Archive for the ‘elk’ Tag

Wolves, Grizzlies, Coyotes and an Elk… Yellowstone’s Primeval Wonders   Leave a comment

From nomadruss on July 28, 2015

Yellowstone is full of wonders. There are of course the geysers, the splendor of the morning light, and the ancient forests. There is the primeval wonder of what the forest holds. Once in a while, for a short time, the life hidden in the forests reveals itself. I learned one evening of a wolf that had taken down an elk cow and decided to catch a glimpse of such life revealed.

When I arrived on the scene, a grizzly bear had chased a wolf away from its kill. Grizzlies can smell meat from over 2 miles away. The grizzly had sprinted across the meadow, stealing the female elk away. It was enjoying fruits of the wolf’s labor. The wolf was lying in the grass, waiting, hoping to retrieve its kill.

The wolf attempted to get the carcass back, but the grizzly is much too powerful. The wolf was time and again chased away.

As the bear stood over the carcass, the wolf watched.

The bear finally said, I’m going to drag the carcass over here, and bury it. That way others won’t be able to smell it. The wolf could only watch dejectedly. Finally at dusk, the wolf wandered the six miles back to its den.

The following morning a coyote wandered onto the scene.

It too was chased away when it approached too close.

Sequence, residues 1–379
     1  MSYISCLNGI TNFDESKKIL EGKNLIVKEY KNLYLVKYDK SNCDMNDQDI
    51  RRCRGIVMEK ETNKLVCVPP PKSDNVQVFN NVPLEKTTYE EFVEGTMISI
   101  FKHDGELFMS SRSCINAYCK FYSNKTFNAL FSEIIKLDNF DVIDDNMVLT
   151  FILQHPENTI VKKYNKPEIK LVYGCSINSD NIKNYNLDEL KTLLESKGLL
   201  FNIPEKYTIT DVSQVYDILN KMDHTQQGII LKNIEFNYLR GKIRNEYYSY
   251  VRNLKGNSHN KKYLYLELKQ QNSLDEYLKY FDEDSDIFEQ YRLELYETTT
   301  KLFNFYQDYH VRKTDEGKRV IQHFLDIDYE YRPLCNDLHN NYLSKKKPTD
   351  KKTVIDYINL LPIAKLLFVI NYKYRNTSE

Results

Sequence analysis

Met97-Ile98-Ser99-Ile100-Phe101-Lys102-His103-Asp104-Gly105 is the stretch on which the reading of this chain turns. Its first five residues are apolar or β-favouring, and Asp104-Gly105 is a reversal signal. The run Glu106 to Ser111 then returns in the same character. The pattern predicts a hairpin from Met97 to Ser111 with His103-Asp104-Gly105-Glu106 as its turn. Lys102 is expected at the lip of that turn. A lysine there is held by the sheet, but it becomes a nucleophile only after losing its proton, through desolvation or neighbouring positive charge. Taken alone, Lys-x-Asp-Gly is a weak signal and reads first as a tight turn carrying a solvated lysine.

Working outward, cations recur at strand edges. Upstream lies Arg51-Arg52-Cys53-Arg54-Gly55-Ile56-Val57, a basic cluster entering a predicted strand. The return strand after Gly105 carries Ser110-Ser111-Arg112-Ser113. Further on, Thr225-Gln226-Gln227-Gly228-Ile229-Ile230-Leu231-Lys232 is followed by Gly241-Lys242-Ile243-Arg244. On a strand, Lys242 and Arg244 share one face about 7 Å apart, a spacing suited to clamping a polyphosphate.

The coyote was wily indeed. Many times it circled close, and was chased away. It kept circling the area in front of the kill, and finally it found a piece it could steal. The angry bear could only watch in disgust.

For some reason the grizzly wandered up the hill for several minutes. It was the coyote’s chance to get a meal. It had the carcass all to itself for a short time.

The grizzly then returned, feeding on the carcass for a second day. By the end of this day the grizzly was blissfully full. It laid on its back, on the buried carcass, paws in the air.

On the third day a younger grizzly appeared on the scene. It too was chased away. Indulging in a carcass seems to require a lot of work.

The younger grizzly wandered across the meadow, but would eventually return.

The big grizzly, having had its fill, wandered up the hill, never to return. The younger grizzly then fed on the remnants of the carcass. The cycle of life was once more complete, and the forest would soon grow dark and secret once again.

CPW seeks help with Moffat County poaching incidents   Leave a comment

From:  Craig Daily Press

Colorado Parks & Wildlife/For the Daily Press

Colorado Parks and Wildlife is investigating three additional incidents of illegally killed bull elk in high-quality hunting units in Moffat County, adding to three high-quality bulls illegally killed in Game Management Unit 10 in early November, near the town of Dinosaur.

Two bulls were found along Highway 318 late last week, northwest of Maybell. Both were estimated to have been killed before Thanksgiving and were entirely field-dressed. The other was found several miles away on Highway 10N, south of Irish Canyon.